In 78 or 79 the state began using computers and standalone word processors for clerical tasks. Shortly after that my wife obtained a KayPro with monitor and printer for a couple thou for her business and she used WordStar. Do not knock it—we were using the same program at work by 1984. In 1985 I borrowed her computer for the weekend to rewrite a pile of job descriptions and we decided I should get my own. Those computers, along with standalone processors have gone the way of 45 rpm records.

And from 1990 when I transferred to an outlying agency, I went through four or five software systems and four computers until I retired at the end of 1998. They had numbers like 286, 386 and 486. I traded a couple used rifles for my own 486 with Windows 311 at home which put me ahead of where I was and that died in 2002. I bought the AMD 6 and upgraded to Office 98II. The processor died in 2005 and I obtained the the laptop I am using now with whatever Windows system they had at the time and a 256mb and 540mb ram sticks. In 2010 we upgraded to 1gb and 540mb ram and Ubuntu—I am now running 12.04. Of late it has been getting cranky and last week it stopped loading videos. So yesterday they shipped a refurbished Lenovo with 4gig and XP(which I will have to replace).

The demise of the standalone word processors tells it all. They could not import data and their data was not compatible with PCs. Now, if I were to visit a library in Milan and could get the librarian to allow me to, I could read an eighth century Latin Vulgate Bible because I managed to learn Latin. If said Bible were on a 7½ disk, I could not recover it and would have to find someone who had a reader and could print out the copy—I much prefer the idea of going to Milan and haggling.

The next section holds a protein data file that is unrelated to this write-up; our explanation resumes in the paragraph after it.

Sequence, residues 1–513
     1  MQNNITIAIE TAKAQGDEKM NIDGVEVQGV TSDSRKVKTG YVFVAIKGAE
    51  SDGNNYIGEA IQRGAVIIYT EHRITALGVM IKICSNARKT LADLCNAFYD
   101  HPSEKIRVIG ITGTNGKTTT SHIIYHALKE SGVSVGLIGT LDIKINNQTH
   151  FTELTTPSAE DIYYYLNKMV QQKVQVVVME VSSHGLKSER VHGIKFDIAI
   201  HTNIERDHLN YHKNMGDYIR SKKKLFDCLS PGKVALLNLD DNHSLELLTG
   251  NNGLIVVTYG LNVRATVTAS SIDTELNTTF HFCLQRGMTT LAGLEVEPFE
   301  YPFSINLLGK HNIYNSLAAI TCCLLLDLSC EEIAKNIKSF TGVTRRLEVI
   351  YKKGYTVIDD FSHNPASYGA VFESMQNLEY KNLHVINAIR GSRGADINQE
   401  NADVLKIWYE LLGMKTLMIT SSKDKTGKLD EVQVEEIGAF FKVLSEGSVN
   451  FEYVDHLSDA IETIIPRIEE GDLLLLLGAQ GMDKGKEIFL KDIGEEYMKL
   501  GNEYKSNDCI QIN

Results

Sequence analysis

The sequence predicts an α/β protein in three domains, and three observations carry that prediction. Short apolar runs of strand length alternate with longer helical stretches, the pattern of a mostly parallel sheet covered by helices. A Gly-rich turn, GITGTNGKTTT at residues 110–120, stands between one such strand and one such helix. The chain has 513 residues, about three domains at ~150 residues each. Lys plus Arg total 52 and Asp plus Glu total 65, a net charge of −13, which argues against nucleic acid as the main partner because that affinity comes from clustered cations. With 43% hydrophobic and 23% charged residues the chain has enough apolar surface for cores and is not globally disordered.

The used rifles I traded were WWI surplus. They still function and will as long as they are maintained.

On 1 July 2012 my Studmuffin EnergyStar washing machine died. It was a house brand, built by Chinese people for another brand name who sold units sold by the company that just closed a bunch of stores. Evidently, as my repair person of a quarter century or more said, the front loading washers require a special soap or they seize up. I am doing research now.

The other thing I noticed pursuant to this adventure is that the commercial gas dryers in the laundromat I used were there when I was in law school.  I graduated in 1972.  But they are not EnergyStar.